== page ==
Ethics in Accounting and Business Ethical considerations affect accounting. Investors and creditors need relevant and faithfully representative information about a company that they are investing in or lending money to. Companies want to be profitable and financially strong to attract investors and attempt to present their financial statements in a manner that portrays the business in the best possible way. Sometimes these two opposing viewpoints can cause conflicts of interest. For example, imagine a company that is facing a potential million-dollar lawsuit due to a defective product. The company might not want to share this information with investors because it would potentially hurt the business’s profitability. On the other hand, investors would want to know about the pending lawsuit so that they could make an informed decision about investing in the business. To handle these conflicts of interest and to provide reliable information, the SEC requires publicly held companies to have their financial statements audited by independent accountants. An audit is an examination of a company’s financial statements and records. The independent accountants then issue an opinion that states whether the financial statements give a fair picture of the company’s financial situation. The vast majority of accountants do their jobs professionally and ethically, but we often don’t hear about them. Unfortunately, only those who cheat make the headlines. In recent years, we have seen many accounting scandals. In response to the Enron and WorldCom reporting scandals, the U.S. government took swift action. It passed the Sarbanes-Oxley Act (SOX), intended to curb financial scandals. SOX requires management to review internal control and take responsibility for the accuracy and completeness of their financial reports. In addition, SOX made it a criminal offense to falsify financial statements. The Sarbanes-Oxley Act also created a new watchdog agency, the Public Company Accounting Oversight Board (PCAOB), to monitor the work of independent accountants who audit public companies. More recent scandals, such as the Bernie Madoff scandal in which Mr. Madoff pleaded guilty to defrauding thousands of investors by filing falsified trading reports, have further undermined the public’s faith in financial reporting. This may result in more legislation that will influence future reporting.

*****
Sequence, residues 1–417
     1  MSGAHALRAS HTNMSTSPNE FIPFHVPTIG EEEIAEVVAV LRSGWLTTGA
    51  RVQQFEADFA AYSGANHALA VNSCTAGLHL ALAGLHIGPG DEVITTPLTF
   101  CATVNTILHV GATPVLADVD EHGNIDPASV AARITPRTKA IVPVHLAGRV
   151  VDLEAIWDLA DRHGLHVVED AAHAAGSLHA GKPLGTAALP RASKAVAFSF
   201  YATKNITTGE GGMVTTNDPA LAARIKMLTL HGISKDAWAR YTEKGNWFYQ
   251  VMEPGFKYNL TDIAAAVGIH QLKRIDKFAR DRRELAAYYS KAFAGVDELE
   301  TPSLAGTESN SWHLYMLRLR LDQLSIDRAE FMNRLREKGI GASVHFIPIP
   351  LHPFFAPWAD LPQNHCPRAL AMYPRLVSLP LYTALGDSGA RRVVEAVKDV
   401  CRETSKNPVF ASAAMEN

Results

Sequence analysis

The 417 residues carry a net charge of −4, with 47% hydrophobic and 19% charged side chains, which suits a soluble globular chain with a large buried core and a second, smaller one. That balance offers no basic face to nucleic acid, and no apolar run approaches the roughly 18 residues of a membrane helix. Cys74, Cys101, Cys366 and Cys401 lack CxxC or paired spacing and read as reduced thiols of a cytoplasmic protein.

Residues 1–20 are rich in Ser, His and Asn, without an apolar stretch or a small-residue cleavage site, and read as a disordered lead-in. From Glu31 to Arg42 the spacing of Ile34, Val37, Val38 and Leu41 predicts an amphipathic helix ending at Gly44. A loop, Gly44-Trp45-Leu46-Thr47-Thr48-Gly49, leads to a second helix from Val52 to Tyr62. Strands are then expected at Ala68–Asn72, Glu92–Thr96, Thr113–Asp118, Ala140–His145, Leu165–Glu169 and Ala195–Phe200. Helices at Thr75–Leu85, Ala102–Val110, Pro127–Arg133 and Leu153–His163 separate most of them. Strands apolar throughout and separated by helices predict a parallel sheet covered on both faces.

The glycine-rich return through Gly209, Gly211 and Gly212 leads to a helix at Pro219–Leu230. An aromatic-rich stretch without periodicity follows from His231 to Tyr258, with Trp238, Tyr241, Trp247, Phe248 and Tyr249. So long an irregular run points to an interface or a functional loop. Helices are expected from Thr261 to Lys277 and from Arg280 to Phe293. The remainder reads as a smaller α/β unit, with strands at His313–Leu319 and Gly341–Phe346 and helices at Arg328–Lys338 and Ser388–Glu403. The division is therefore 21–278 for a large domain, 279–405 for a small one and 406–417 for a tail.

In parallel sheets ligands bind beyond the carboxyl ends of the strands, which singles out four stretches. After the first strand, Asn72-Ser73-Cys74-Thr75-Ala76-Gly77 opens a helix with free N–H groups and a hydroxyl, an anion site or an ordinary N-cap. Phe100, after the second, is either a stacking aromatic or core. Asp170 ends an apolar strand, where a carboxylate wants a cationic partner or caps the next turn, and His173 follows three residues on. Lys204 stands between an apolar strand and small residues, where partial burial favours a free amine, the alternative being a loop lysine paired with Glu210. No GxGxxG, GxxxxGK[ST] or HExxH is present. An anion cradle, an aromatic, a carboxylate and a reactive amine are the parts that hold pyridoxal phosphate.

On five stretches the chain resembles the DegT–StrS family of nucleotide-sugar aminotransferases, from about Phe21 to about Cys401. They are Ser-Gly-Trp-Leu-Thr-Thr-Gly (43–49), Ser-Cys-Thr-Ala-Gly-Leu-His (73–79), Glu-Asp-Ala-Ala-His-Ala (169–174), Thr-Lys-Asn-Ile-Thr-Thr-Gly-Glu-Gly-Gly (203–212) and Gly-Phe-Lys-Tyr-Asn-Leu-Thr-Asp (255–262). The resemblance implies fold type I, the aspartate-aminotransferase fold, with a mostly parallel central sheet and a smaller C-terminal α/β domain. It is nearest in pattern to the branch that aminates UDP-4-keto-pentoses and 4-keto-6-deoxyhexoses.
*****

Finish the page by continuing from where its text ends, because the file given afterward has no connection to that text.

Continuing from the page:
Audit An examination of a company’s financial statements and records.

Sarbanes-Oxley Act (SOX) Requires management to review internal control and take responsibility for the accuracy and completeness of their financial reports. Public Company Accounting Oversight Board (PCAOB) Monitors the work of independent accountants who audit public companies.

Try It! Match the accounting terminology to the definitions.   7. Cost principle

a. oversees the creation and governance of accounting standards in the United States

  8. GAAP

b. requires an organization to be a separate economic unit

  9. Faithful representation